Cysteines in the transmembrane region of major histocompatibility complex antigens are fatty acylated via thioester bonds.
Exogenous radioactive palmitic acid is incorporated post-translationally into the HLA-B and -DR heavy chains, but not HLA-A heavy chains or -DR light chains of the human B lymphoblastoid cells JY and T51 . Protease digestions localize the label to the transmembrane region of the B7 heavy chain. Both B7 and DR heavy chains have a cysteine in the transmembrane hydrophobic region, while the A2 heavy chain and DR light chains have none. Palmitic acid is covalently linked to these transmembrane cysteines via a thioester bond since: 1) the label is not removed by organic extraction or boiling in sodium dodecyl sulfate and dithiothreitol, but is released at room temperature by methanolic KOH as methyl palmitate, and by hydroxylamine as palmitohydroxamate . 2) The pH sensitivity and kinetics of release by hydroxylamine and Tris are similar to those of palmitoyl-CoA (thioester linkage) and unlike those of methyl palmitate and palmitoyllysophosphatidylcholine ( hydroxyester linkages). 3) Neutral hydroxylamine treatment (but not neutral Tris treatment) generates sites that can be reduced and alkylated in the transmembrane region of B7 heavy chain and to a lesser extent in DR heavy chain. 4) Organic extraction of pronase digests of labeled B7 yields peptides containing palmitate and cysteine (but not serine or threonine) which co-migrate by thin layer chromatography. A population of beta 2-microglobulin molecules not associated with heavy chains is palmitylated , but not via a thioester linkage.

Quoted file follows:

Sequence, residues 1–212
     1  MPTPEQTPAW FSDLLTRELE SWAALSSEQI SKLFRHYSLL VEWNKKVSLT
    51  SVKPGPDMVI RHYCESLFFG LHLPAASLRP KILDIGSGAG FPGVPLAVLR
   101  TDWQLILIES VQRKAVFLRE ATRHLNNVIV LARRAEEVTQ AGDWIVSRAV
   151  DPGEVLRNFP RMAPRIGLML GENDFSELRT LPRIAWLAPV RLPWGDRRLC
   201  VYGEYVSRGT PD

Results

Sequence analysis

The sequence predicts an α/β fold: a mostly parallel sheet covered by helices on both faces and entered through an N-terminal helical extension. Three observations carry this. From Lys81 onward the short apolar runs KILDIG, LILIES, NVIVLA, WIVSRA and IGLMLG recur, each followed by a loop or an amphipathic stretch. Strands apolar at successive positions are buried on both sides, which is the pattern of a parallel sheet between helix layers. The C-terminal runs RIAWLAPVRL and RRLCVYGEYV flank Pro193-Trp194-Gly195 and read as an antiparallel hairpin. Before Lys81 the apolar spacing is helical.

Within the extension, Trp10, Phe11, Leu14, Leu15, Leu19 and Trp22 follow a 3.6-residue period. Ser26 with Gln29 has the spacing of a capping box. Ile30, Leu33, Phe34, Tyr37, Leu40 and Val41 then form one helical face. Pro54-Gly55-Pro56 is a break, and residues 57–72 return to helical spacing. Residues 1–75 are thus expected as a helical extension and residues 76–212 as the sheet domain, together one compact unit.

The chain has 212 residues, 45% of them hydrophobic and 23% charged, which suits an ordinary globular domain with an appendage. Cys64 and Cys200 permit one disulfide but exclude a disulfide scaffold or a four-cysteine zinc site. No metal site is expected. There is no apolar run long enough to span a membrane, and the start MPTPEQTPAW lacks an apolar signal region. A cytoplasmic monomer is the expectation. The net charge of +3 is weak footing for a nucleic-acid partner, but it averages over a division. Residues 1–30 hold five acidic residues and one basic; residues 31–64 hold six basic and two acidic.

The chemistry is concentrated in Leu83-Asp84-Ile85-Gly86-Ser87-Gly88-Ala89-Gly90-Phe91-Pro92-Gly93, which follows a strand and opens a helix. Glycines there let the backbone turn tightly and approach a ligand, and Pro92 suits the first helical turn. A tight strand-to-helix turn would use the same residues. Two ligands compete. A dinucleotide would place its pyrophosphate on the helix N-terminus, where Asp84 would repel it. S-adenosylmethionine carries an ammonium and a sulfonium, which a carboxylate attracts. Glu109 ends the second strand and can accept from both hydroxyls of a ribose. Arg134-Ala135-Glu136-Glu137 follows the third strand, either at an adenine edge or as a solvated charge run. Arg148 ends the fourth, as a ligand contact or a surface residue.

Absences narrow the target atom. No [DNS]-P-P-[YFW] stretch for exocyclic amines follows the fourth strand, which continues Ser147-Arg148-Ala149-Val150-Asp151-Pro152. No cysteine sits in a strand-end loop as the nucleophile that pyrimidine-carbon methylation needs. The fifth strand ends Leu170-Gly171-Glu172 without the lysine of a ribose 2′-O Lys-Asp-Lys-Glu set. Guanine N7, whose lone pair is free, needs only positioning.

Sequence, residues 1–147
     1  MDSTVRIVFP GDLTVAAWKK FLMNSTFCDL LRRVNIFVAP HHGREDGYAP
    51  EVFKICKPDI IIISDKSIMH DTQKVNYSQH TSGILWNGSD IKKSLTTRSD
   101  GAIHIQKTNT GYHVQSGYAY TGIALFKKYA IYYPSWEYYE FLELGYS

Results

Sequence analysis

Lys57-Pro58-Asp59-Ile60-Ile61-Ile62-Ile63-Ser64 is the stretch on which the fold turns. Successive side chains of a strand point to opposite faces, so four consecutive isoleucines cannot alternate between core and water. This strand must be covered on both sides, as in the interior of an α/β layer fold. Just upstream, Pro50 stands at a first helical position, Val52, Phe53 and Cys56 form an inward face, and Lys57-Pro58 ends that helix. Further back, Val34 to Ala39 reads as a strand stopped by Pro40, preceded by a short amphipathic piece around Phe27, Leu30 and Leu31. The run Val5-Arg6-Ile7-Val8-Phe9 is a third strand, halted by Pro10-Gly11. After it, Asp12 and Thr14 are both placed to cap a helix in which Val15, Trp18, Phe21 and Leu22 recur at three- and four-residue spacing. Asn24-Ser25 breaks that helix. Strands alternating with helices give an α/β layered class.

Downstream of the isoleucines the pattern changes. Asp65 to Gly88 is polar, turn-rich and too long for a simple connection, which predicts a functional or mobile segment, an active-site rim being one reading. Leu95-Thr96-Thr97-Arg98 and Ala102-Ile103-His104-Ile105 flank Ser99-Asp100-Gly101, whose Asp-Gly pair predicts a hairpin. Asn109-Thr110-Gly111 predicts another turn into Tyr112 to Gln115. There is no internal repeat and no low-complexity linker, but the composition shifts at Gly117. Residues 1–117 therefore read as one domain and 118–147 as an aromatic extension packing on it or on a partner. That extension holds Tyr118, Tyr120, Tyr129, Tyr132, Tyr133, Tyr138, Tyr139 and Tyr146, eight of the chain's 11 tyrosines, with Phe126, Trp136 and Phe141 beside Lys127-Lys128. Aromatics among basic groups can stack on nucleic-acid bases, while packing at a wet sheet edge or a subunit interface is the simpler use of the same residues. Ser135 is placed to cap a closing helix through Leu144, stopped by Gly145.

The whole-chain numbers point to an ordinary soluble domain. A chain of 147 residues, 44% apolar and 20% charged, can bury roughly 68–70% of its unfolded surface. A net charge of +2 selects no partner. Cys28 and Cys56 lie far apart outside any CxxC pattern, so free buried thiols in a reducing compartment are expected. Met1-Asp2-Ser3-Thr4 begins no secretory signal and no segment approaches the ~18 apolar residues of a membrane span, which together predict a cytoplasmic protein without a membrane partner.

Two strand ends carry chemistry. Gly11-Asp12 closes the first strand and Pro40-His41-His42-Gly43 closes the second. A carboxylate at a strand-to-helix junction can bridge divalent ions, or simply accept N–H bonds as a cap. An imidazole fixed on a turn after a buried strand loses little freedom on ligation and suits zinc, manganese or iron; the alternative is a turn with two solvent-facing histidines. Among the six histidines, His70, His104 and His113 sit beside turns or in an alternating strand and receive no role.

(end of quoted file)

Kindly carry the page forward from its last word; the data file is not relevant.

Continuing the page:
Kaufman, JF; Krangel, MS; Strominger, JL
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